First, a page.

Why do we forget our childhood? is an interesting look at how language helps forge long lasting memories, or at least, is necessary to retrieval. I’ve heard this hypothesis before from cognitive scientists and I was never fully convinced of it until I thought about the problem with an operating system metaphor.
When we’re born, imagine all our thoughts and memories are written and stored as simple BASIC programs. We’re just getting the hang of storing memories so they’re not long term. Imagine we have no media and everything’s in RAM, as it happens.
10 PRINT “CRY LOUDLY”
20 GOTO 10
A few months into life and we move on to encoding everything in MS-DOS. We can’t really get at the very early programs anymore, but we’re doing ok storing new ones that can describe more objects.
By the time we reach two years of age our increased complexity requires an upgrade. We’re running an early BSD form of unix in our heads, storing memories filled with words, sounds, sights, and smells.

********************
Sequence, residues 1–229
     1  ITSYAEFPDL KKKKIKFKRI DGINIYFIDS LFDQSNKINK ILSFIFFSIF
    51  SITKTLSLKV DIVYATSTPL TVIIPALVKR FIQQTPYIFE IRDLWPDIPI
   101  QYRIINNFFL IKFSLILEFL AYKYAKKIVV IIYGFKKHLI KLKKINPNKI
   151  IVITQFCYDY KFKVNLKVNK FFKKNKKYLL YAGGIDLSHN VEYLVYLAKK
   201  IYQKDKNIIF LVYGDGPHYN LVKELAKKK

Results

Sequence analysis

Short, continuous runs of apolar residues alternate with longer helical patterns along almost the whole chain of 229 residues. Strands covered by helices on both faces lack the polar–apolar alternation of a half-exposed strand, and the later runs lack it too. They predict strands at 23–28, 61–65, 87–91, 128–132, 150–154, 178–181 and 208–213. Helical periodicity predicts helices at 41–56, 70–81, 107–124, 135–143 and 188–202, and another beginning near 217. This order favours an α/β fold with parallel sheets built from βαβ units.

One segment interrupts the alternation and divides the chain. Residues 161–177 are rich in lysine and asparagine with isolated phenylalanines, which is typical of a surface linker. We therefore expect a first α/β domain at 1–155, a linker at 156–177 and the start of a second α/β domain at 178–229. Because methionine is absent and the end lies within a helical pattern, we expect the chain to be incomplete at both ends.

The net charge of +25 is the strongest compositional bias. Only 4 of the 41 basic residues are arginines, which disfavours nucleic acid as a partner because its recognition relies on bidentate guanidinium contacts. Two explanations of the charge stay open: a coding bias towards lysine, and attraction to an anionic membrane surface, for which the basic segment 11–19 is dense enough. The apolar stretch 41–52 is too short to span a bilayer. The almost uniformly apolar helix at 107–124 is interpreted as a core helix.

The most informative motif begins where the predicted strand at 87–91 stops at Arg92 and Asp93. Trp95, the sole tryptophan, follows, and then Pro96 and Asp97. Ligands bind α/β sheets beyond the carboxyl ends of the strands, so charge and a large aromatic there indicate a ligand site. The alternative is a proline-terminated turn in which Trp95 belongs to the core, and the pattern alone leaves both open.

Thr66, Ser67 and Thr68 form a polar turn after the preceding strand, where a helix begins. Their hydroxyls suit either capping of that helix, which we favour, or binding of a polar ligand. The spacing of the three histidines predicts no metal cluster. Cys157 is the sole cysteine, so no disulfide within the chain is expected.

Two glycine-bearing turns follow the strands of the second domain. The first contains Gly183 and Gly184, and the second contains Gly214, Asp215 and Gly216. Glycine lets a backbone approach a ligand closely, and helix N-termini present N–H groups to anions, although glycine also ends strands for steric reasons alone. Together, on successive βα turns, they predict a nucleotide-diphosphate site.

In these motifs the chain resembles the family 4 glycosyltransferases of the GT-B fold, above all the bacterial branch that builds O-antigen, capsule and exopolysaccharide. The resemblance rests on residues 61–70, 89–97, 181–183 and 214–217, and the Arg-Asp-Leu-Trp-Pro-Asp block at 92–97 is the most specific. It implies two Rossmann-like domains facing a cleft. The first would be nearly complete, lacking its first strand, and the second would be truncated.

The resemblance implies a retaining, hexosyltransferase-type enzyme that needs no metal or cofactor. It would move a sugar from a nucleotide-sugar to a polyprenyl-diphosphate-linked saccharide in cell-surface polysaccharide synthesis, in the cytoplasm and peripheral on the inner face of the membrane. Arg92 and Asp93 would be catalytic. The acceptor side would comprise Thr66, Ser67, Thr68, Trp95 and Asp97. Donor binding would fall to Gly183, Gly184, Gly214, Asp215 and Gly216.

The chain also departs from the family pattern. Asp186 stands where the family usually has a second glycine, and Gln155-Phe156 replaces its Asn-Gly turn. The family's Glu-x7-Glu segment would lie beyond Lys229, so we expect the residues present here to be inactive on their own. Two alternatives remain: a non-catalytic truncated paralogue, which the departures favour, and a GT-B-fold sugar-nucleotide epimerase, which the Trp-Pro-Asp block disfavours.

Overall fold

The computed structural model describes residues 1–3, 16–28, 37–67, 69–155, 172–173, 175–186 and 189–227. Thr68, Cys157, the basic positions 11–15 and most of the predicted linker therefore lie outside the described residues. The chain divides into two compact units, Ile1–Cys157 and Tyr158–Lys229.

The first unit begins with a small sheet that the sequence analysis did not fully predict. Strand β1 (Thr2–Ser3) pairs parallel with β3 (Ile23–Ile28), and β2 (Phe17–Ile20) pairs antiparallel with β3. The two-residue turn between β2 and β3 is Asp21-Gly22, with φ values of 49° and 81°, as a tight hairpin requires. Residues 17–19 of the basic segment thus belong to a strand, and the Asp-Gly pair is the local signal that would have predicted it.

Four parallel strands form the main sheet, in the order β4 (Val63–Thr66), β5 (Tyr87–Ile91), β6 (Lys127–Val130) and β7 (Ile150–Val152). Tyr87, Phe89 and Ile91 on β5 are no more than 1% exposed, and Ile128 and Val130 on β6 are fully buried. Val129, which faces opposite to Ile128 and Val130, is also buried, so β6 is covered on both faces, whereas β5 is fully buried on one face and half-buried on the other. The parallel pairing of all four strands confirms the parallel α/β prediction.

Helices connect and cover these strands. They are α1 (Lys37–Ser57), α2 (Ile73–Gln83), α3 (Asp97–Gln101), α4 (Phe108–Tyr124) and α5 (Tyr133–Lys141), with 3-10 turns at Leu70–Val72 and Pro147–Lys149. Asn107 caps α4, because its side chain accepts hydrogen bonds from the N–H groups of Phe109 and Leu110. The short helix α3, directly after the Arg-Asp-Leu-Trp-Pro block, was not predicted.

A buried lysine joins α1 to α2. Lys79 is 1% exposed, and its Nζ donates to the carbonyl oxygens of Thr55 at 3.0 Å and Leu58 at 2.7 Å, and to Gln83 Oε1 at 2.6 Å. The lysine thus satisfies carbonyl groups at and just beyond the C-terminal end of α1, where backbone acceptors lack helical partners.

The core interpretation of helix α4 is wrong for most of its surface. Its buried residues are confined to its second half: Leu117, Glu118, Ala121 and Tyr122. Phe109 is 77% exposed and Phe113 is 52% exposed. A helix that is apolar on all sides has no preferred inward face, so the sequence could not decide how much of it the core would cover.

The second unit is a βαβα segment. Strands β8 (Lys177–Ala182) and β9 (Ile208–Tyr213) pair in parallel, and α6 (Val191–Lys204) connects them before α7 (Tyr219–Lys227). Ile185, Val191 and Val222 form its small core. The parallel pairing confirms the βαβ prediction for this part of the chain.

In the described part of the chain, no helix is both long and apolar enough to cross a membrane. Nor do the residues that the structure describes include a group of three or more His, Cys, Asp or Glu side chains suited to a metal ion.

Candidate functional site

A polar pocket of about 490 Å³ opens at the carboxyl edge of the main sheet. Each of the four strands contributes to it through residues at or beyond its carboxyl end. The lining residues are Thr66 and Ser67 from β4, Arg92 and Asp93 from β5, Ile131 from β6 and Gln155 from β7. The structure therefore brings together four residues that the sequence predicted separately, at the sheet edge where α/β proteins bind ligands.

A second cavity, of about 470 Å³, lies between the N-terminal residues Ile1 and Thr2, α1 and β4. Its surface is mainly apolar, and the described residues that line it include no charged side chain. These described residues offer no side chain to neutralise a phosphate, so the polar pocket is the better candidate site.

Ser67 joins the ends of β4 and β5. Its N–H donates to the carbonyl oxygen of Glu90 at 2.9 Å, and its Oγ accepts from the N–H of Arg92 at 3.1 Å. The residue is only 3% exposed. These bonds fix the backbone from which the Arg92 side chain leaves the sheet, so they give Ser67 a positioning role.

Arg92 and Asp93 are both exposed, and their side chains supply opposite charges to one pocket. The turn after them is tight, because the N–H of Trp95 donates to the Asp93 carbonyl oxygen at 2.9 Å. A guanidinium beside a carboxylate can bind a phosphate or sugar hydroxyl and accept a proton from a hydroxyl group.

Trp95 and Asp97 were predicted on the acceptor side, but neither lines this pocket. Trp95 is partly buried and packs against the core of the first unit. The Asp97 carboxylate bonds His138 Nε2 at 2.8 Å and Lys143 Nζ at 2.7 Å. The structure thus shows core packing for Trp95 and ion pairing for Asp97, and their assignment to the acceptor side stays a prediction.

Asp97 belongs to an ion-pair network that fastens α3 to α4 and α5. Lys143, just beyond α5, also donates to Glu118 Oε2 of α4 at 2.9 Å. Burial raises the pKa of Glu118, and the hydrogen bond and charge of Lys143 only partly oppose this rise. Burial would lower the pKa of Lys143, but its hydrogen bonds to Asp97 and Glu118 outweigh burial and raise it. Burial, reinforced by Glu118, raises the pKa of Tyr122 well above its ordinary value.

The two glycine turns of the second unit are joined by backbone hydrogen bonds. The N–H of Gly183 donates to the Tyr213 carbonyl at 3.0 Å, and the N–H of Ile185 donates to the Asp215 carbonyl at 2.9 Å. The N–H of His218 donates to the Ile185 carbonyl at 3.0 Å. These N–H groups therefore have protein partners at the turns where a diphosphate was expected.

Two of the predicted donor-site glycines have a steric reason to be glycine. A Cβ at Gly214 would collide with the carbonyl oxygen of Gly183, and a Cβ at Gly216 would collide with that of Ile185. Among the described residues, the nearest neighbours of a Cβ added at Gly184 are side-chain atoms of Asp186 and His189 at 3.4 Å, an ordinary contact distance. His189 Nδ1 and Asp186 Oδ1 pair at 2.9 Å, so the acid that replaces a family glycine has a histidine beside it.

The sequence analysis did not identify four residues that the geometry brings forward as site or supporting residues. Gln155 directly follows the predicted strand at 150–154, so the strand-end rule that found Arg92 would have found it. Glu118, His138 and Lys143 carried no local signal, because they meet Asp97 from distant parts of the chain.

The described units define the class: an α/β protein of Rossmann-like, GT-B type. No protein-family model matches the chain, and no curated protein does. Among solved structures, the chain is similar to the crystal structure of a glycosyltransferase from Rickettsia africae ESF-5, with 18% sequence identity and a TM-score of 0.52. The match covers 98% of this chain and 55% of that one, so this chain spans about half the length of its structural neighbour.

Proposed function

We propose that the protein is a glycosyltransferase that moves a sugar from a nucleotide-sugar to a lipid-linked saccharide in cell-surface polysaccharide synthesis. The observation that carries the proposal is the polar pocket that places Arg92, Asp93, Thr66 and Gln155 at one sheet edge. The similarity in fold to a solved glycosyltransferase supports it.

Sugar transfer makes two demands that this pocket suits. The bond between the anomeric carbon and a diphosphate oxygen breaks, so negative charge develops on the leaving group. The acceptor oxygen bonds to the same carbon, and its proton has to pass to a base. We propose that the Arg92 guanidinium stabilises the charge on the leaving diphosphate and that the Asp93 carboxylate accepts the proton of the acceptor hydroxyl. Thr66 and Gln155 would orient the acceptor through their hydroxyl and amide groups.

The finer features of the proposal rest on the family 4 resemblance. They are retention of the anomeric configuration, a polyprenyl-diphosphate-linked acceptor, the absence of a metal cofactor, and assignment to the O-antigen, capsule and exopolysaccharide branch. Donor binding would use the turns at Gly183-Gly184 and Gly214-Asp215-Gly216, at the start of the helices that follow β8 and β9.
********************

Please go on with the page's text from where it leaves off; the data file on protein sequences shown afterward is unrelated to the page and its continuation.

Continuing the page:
By the time we’re five years old, we’ve done our final upgrade, to OS X. Just like OS X, if you open a terminal and type out a BASIC program it won’t run, and so we can’t retrieve those early memories stored in BASIC or DOS. But we can pull some of the most straightforward of early unix code we wrote when we were 3 and 4. From here on out memory storage and retrieval is fairly straightforward and though it’s sometimes difficult to pull something out of a decades old archive, it’s still possible.
Ok, maybe I took that too far. Still, it’s how I explain childhood memory storage to myself and helps me understand early childhood development.